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Brexit crisis: Sunderland voters do not expect government to strike deal with EU | Politics News

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Voters in the Leave-supporting city of Sunderland have told a Sky News debate they have little faith in the government to strike a Brexit deal with the EU.

Hours after senior figures in Brussels warned Britain it risked leaving the bloc without an agreement after MPs voted to remove the Irish backstop, locals on Wearside offered their take on how Theresa May was handling the negotiations.

More than 61% of the city backed Leave in the 2016 referendum, a result Durham University Professor Thom Brooks said was driven by how austerity had “hit the region hard”.

But despite voters being set to get their Brexit wish in less than two months’ time – many of them appeared unhappy with how the process has been handled.

In a live vote, 78% of the audience – a mix of Leave and Remain voters – said they did not expect the government to agree a deal with the EU before Britain departs in less than two months’ time.

brexit debate sunderland
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Participants in Sunderland appeared unhappy with how the process has been handled

People also appeared suspicious of the motivations of those who wish to extend Article 50, which currently stipulates that the country will leave on 29 March.

Some 68% said they thought MPs who wanted to push the deadline back were trying to stop Brexit altogether.

With the backstop – a customs plan to avoid a hard border on the island of Ireland if a free trade deal between the UK and EU is not reached – proving the biggest obstacle to a deal, 43% said Britain should leave without one.

Just 24% were keen on securing a deal that included the backstop, with 33% in favour of a deal on the condition that the backstop condition was removed.

Among those unhappy with how the approach taken by the government was taxi driver Zaf Iqbal, who voted Remain.

He said the deal negotiated by Mrs May was shaping up to be “the messiest divorce ever” and said the process should have been a cross-party one.

Mr Iqbal found consensus with fellow Remain voter Gordon Chalk, a firefighter, who said he wished it was Labour who was handling the Brexit negotiations.

“Give the Labour Party a chance because the Tories cannot do it,” he said.

“They have proven that for months.”

Labour leader Jeremy Corbyn did meet with the prime minister earlier on Wednesday, and told Sky News he wanted her to provide an “assurance” that she was no longer threatening a no-deal Brexit.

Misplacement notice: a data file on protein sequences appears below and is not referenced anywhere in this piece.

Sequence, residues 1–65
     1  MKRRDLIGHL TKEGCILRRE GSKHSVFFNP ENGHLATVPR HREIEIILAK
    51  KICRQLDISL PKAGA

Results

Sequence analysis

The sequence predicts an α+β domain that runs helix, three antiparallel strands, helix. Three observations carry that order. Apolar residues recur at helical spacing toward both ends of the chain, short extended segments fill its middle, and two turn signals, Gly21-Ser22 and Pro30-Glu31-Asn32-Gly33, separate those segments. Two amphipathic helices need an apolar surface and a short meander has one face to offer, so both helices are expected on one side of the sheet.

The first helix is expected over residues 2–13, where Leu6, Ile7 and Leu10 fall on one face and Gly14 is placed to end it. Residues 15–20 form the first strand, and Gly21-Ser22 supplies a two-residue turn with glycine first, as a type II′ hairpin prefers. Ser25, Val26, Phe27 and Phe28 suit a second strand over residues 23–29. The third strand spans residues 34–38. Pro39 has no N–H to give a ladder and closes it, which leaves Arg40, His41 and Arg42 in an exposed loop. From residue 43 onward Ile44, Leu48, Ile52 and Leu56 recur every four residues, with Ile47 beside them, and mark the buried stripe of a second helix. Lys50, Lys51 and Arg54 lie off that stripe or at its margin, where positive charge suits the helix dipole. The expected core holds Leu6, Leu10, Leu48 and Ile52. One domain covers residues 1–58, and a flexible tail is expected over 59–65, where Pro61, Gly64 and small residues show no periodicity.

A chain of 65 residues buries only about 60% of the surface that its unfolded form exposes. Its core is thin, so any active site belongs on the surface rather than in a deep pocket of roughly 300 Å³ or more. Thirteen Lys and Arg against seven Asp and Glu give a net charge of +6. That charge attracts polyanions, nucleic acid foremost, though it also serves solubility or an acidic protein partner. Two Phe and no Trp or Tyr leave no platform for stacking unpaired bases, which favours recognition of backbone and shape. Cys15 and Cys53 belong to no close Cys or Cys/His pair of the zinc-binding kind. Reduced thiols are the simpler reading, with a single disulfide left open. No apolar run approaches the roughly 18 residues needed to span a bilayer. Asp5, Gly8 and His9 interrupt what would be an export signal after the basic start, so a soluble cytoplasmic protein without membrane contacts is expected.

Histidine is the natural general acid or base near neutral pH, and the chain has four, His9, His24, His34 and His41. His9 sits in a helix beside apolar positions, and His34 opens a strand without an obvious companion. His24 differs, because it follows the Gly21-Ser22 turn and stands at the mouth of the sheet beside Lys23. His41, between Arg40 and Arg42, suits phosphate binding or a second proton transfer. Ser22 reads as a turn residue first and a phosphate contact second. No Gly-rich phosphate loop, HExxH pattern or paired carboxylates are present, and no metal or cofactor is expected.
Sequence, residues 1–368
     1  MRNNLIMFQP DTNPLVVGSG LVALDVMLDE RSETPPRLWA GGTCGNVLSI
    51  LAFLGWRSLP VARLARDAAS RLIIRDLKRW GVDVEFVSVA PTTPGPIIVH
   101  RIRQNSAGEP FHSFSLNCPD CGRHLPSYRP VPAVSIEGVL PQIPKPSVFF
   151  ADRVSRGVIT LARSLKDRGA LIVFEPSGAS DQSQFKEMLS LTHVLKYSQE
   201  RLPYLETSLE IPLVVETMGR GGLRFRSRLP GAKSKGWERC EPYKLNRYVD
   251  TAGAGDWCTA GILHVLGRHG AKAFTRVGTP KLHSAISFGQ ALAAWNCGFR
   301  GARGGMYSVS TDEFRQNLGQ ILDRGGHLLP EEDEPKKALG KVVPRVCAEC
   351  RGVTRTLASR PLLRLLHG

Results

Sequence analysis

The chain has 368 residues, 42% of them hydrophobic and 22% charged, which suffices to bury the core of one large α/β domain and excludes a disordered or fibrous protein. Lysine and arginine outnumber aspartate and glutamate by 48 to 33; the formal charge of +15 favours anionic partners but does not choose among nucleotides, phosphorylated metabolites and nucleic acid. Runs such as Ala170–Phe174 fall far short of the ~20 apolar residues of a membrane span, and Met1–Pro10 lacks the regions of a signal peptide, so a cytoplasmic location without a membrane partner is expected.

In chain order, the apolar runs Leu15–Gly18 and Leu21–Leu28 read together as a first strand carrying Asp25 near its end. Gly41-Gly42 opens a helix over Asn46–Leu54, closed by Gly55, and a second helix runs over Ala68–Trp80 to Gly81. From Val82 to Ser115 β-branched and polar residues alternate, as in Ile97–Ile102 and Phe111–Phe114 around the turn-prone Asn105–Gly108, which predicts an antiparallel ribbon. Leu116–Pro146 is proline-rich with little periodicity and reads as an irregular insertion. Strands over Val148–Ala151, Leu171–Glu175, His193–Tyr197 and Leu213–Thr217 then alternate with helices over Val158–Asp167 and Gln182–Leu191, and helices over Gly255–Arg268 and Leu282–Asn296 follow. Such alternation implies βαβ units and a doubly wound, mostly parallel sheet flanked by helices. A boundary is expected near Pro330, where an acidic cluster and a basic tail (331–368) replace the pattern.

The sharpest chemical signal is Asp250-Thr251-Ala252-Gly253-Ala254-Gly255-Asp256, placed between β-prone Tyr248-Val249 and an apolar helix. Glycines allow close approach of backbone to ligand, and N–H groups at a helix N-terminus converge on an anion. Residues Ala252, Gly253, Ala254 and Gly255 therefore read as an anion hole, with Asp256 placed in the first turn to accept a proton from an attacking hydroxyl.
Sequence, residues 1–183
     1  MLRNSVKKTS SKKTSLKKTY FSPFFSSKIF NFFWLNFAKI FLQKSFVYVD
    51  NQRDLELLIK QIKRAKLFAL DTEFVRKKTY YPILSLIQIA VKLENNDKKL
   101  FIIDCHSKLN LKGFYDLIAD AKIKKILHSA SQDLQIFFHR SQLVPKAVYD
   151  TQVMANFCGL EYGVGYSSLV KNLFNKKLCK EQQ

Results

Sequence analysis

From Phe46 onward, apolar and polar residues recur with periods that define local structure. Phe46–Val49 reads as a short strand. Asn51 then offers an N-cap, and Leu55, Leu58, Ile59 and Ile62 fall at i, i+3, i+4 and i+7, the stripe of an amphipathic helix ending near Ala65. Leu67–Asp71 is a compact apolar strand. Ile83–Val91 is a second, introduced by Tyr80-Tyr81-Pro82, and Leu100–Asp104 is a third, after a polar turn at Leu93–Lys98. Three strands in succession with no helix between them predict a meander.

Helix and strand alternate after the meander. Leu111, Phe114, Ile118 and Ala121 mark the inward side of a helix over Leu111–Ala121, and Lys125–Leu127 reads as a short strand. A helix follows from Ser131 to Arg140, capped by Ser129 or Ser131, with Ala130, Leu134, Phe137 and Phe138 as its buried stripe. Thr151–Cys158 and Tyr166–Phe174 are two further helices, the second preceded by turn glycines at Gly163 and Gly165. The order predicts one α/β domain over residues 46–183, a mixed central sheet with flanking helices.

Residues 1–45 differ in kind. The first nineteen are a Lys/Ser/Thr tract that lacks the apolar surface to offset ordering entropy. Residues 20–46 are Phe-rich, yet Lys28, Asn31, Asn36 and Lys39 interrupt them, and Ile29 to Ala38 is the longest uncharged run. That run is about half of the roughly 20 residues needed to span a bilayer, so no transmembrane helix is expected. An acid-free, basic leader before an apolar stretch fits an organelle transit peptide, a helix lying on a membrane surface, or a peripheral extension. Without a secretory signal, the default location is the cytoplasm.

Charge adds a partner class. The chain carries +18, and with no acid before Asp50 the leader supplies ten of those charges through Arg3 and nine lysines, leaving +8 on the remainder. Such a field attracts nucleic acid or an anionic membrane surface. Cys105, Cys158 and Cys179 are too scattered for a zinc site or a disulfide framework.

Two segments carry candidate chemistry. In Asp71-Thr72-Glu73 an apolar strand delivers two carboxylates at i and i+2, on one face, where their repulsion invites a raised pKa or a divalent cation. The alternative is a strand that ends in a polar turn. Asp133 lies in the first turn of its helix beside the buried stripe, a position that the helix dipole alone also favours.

But Leave supporter Caspar Hewett said Mr Corbyn heading up the negotiations would be “a disaster” – and dismissed calls for a general election as a waste of time.

Mr Hewett said the country should “go ahead” with the deal struck by Mrs May as it was the best way to ensure that the result of the referendum was delivered on.

Like Mr Hewett, Leave voter Daniel Field maintained that he wanted Brexit to go ahead – but criticised Westminster politicians for “acting like kids”.

The mortgage broker said: “If a businessman was in charge of this, it would have been done. There’s no way any of these politicians would have got a job in the private sector.

“Bring in some consultants, get somebody business-minded to do it.”

David Cliff, a business consultant who also voted Leave, reiterated his desire to see Brexit go ahead.

He said Britain had become overly-reliant on Europe to address its skills shortage and said the continent had “become the default for business planning in our communities”.

Retired bank manager Chris Clark was another Leave voter who stuck to his guns during the debate, insistent that leaving the EU without a deal would allow Britain greater freedom to strike trade deals with the rest of the world.

Simone Rudolphi, a Remain supporter, was sceptical of that claim and said countries would be sceptical of negotiating with Britain because its wealth “came from exploitation and imperialism”.

Kathy Haq, a retired nurse who voted Remain, said she still had concerns about the impact of leaving – deal or not.

“We recruited a lot of nurses from the EU and a lot of those nurses are now leaving,” she said.

“We have 40,000 vacancies in the NHS and unfortunately cannot train our own nurses because the bursaries were taken away and the applications dropped be a third, according to the Royal College of Nursing.”

But whichever way people in Sunderland voted, it was clear throughout the hour-long debate that their views had only become more entrenched in the two-and-a-half years since the referendum.

The only thing they could agree on was that the Brexit process has not exactly been smooth sailing.

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